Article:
November 2


Fretboard Fluency – Learning the Notes on the Fretboard

By Craig

November 2, 2018

I'm not going to lie, I'm surprised at the number of guitarists that are quite good and have been playing for a considerable amount of time that don't know the names of all the notes on the fretboard fluently. Don't be tempted to skip past this post if you kind of know the notes and are able to figure them out if given enough time. The objective of this lesson is to know all the note names fluently. And by fluently, I mean able to play or name a note instantaneously, without thinking. If I told you to play every C on the guitar, you could play 12 of them, one after another, in less time than it takes you to read this sentence. Or, if someone points out the 15th fret of the second string you call out D without thinking twice.


The Musical Alphabet

Pitch is the description of the rate of vibration, or frequency, of sound waves. As the frequency increases, the pitch becomes higher, and as it slows, the pitch becomes lower. Music pitches are a standard series of frequencies named after the first seven letters of the alphabet: A, B, C, D, E, F, G - known as the musical alphabet. The eighth note, or octave, vibrates twice the frequency of the first note; therefore, it duplicates its sound (only higher in pitch) and is given the same letter name.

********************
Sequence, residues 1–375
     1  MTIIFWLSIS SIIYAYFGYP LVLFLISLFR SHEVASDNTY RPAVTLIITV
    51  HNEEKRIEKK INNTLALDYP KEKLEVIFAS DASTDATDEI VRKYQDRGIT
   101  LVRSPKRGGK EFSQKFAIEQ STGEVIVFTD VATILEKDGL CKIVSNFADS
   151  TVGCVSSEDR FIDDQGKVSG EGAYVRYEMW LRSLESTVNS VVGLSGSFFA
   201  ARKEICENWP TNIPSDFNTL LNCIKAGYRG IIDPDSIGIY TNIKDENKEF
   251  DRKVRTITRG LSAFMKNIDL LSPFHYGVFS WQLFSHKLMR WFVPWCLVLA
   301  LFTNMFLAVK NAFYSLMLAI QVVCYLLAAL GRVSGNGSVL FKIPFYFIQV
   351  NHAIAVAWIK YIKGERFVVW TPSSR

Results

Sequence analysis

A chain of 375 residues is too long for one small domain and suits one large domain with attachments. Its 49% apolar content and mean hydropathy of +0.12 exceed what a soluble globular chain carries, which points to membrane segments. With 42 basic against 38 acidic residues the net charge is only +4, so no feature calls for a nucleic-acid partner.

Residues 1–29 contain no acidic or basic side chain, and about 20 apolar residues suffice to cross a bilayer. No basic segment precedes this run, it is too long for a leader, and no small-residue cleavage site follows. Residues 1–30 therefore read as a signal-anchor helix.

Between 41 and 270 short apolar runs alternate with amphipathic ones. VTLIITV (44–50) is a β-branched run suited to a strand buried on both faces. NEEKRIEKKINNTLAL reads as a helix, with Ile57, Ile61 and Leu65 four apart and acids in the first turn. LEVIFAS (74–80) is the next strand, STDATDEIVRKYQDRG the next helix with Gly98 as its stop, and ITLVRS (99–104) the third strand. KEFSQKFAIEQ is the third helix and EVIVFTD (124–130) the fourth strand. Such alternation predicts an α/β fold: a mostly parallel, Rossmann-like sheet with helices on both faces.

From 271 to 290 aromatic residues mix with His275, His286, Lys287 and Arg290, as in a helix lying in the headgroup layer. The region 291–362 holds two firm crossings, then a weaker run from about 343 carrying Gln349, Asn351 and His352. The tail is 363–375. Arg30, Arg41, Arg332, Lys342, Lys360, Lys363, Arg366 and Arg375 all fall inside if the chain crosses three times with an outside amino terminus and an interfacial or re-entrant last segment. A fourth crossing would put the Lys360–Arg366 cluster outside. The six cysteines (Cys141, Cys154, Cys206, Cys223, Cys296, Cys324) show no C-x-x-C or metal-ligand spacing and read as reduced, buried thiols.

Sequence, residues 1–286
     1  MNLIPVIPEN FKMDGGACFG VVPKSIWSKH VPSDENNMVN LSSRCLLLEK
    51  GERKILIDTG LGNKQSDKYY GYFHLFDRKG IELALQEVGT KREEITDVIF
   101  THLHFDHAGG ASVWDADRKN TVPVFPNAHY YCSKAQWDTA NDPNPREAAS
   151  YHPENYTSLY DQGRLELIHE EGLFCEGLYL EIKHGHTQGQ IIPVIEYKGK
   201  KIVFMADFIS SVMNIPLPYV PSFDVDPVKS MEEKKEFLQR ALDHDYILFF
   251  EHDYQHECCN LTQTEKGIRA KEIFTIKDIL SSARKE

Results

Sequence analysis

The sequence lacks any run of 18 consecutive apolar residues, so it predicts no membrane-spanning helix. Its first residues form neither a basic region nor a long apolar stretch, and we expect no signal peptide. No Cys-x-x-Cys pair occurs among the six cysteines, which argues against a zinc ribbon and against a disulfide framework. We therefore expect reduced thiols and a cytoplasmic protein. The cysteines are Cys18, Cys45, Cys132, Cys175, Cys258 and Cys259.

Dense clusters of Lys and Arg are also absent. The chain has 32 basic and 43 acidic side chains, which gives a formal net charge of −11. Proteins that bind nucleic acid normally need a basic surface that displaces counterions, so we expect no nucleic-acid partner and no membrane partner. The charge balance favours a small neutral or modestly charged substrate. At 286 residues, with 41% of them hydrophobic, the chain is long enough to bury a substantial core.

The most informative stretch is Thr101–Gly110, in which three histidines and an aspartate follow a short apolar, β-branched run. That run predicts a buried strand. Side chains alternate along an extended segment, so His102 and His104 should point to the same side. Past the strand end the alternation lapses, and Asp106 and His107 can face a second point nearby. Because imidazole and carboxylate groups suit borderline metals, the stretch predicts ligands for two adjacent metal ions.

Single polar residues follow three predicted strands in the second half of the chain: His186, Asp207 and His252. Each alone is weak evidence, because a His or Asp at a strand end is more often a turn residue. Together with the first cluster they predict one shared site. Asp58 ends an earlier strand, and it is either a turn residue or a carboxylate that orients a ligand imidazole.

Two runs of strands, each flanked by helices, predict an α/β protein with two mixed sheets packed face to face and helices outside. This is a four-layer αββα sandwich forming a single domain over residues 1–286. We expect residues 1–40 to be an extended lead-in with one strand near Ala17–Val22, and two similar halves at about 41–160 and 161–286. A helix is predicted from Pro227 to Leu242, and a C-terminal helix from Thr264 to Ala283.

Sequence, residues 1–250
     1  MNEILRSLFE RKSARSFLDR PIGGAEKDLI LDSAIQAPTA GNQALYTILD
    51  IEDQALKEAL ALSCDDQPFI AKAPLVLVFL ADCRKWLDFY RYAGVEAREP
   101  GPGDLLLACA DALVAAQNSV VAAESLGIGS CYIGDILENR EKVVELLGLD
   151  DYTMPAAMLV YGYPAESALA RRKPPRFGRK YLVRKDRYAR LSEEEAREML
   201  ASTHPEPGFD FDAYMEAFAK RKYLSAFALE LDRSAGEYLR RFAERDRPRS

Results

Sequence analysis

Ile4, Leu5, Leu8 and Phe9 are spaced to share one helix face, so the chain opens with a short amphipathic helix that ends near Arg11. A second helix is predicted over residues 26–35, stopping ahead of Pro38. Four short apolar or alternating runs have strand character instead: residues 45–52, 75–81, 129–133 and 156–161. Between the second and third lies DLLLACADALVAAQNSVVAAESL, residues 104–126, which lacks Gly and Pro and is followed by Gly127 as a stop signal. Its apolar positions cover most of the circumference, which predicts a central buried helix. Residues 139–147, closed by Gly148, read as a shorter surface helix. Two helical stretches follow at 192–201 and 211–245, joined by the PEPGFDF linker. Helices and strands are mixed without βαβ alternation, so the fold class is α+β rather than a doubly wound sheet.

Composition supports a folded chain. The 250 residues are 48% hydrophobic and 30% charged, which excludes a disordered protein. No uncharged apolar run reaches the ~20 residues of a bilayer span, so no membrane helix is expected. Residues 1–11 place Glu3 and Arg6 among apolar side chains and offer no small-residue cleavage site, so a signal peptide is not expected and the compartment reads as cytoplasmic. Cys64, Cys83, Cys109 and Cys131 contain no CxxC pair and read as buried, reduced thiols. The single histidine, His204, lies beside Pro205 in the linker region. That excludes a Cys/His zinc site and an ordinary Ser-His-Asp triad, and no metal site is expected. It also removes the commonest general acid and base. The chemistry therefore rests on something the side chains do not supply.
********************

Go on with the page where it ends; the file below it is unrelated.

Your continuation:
A          B          C          D          E          F          G          A
1          2           3          4           5         6           7         8/1

The Chromatic Scale

The chromatic scale is constructed of all half steps. There is only one chromatic scale which can begin on any tone. Starting on a C, we get the following notes:

C (octave)

You might notice there a 17 different note names above, even though there are only 12 half steps in an octave. The reason for this is that some notes have two different names (e.g. C# and Db). When a pitch has two possible names, their relationship is described as enharmonic. Enharmonic tones sound the same but are spilled differently. Depending on the context, one of the two possible names usually emerges as the best choice in a given situation.

Notes on the Fretboard